U.S. Agents Posed Suspect With Humiliating Sign, Lawyers Say
Immigrants: Border Patrol says it will investigate circumstances of the booking of alleged smuggler.
ELLINGWOOD, Times Staff Writer
SAN DIEGO--The booking photo is routine except for what the suspect, an
smuggler, is holding. Propped below his face is a narrow sign proclaiming "I Support Our Border
The suspect, Jesus Ibarra Chavez, said he was forced to hold the sign and then mocked by Border
Patrol agents after his Feb. 27 arrest on suspicion of driving a truck loaded with illegal immigrants
through Imperial County.
Defense lawyers are seeking to have a federal smuggling indictment dropped on grounds that the
arresting agent violated Ibarra's civil rights by making him pose in a humiliating fashion. The action
amounts to "outrageous governmental misconduct" and fits a wider pattern of abuse by U.S. border
agents, the lawyers contend in a motion filed in U.S. District Court in San Diego. The motion is to be
heard June 12.
"Back in the '50s and '60s, blacks, when they were being arrested, would have to hold up a sign
saying, 'I Support Segregation,' " said Shaun Khojayan, who is defending Ibarra. "This is the
equivalent. . . . It's not right."
The case is a potential embarrassment for the U.S. Border Patrol, which in recent years has
claimed substantial gains in preventing rights abuses through better agent training and improved
An agency spokesman in El Centro, Calif., said the incident is being investigated by independent
federal auditors. He insisted that posing arrestees with signs is "not a practice" of the Border Patrol.
"We're not going to tolerate things like this," said the spokesman, Manuel Figueroa.
A copy of the booking photo was provided to federal prosecutors and to defense attorneys. A
photocopy was obtained by The Times.
The prosecutor, Assistant U.S. Atty. Audra Ibarra, declined to comment on the defense motion or
the photograph. Authorities have declared prosecution of immigrant smugglers a top priority, branding
them as heartless profiteers.
Law professor Robert Fellmeth said forcing Ibarra to pose may have violated his rights. But
Fellmeth said that is unlikely to move a judge to dismiss the charges because the action was unrelated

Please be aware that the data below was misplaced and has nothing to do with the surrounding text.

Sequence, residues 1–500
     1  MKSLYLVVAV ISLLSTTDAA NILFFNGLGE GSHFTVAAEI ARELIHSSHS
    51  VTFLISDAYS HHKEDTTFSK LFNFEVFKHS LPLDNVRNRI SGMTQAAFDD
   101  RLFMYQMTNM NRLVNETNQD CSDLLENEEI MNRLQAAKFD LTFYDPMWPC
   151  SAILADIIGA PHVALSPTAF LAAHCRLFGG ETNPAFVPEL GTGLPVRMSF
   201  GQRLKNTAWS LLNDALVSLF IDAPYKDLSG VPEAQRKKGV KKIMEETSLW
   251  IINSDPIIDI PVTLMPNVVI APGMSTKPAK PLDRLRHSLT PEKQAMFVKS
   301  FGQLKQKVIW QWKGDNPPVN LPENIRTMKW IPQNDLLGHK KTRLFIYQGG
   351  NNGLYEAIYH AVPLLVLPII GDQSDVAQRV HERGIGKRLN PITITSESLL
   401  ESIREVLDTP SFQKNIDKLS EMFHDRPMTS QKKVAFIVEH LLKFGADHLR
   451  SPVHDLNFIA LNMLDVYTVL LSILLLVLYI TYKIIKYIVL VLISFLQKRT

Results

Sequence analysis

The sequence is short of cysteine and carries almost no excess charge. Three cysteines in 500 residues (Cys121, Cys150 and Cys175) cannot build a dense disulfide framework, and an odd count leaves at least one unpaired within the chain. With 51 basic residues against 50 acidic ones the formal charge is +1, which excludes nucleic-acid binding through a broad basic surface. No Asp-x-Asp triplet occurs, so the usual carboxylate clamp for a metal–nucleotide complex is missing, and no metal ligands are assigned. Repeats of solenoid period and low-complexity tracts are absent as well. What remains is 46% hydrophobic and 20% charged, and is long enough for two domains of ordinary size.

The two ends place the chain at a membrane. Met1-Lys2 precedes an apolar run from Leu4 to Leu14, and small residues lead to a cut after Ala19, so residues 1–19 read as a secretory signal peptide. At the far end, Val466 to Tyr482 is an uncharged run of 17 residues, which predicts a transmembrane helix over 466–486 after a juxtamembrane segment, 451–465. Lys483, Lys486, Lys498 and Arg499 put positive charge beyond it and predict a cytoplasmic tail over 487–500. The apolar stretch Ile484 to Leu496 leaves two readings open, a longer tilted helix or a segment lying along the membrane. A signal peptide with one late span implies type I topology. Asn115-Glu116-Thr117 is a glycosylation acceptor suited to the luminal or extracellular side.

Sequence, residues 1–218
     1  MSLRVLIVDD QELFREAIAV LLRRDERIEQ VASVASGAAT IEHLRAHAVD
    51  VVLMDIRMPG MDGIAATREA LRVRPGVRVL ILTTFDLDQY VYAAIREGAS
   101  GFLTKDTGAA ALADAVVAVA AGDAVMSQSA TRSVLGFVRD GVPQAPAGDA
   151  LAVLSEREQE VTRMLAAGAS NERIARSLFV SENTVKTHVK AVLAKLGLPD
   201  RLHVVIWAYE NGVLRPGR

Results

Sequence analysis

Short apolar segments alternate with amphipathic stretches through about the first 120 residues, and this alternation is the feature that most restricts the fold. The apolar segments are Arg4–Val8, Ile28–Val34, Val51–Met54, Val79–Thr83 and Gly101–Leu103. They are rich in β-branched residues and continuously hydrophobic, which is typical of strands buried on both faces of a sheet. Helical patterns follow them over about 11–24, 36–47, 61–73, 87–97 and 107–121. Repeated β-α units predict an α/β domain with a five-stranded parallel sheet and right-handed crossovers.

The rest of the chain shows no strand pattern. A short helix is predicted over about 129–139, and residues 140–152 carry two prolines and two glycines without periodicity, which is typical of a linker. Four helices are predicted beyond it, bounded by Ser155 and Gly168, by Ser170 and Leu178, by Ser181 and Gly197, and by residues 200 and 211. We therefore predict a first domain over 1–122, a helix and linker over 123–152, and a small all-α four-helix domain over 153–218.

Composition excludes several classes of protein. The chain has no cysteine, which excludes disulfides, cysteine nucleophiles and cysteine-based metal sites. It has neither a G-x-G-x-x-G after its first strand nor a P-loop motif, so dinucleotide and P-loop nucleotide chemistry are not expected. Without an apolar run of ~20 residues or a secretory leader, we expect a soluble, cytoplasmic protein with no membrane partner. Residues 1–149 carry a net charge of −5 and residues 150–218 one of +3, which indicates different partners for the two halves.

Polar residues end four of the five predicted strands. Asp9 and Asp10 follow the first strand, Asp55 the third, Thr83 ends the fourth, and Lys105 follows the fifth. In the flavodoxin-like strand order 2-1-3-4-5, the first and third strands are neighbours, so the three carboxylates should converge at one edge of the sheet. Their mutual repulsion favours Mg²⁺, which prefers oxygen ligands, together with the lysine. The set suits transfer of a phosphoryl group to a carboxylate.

to Ibarra's arrest or the evidence against him. Dismissals typically result from improper arrest or
illegally acquired evidence.
Ibarra, 23, has pleaded not guilty to charges of smuggling for financial gain, attempted smuggling
and transportation of illegal immigrants.
He was arrested after a Border Patrol pilot overhead spotted a pickup truck being loaded with
suspected illegal immigrants, according to the Border Patrol account. Ibarra, snared west of El Centro
by an agent on the ground after a short foot chase, said he had been asked to drive the immigrants to
Brawley, according to the report.
Ibarra said in a sworn statement that an arresting agent insisted he hold up the sign, while being
processed at the Border Patrol's station in Calexico. Ibarra--who has a limited understanding of
English--said he initially resisted but complied after the agent, identified in court documents as Jason
Caffey, ordered him to do so. He said Caffey and a second agent "said the picture was 'beautiful,' "
laughed at him and made him feel humiliated.
Two of the migrants who were also detained charge that they were punched and kicked by a
bearded agent. Questioned during a deposition attended by Caffey, the immigrants said they could not
identify him as the agent who struck them because Caffey was cleanshaven. Caffey indicated that he
had had a beard at the time of the incident.
A request for comment from Caffey was unanswered. Caffey, an agent for four years, testified
during a court hearing last month that he had arrested Ibarra but did not see the photograph being
taken. Photographs of immigrants and alleged smugglers are taken during booking and entered, along
with electronic fingerprints and biographical information, into an Immigration and Naturalization
Service computer database that helps authorities track repeat offenders.
Ibarra's attorneys said in the motion that the photo incident is one of several instances of border
agent misconduct. The document did not elaborate, but lawyer Guadalupe Valencia said they were
referring to two recent publicized cases.
In one, a Temecula-based agent pleaded guilty May 1 to obstructing justice by trying to cover up a
traffic stop in San Diego County during which he used force and left a suspected smuggler injured. In
the second, an Imperial County agent agreed to quit last year to avoid prosecution for allegedly using a
pellet gun to shoot at a raft carrying three suspected illegal immigrants.
Ibarra's lawyers said they knew of no other cases involving photographs of Border Patrol
arrestees. But Khojayan said the treatment of Ibarra undermines the government's case: "If the agent
did this to him, why should we give credence to all the rest of it?"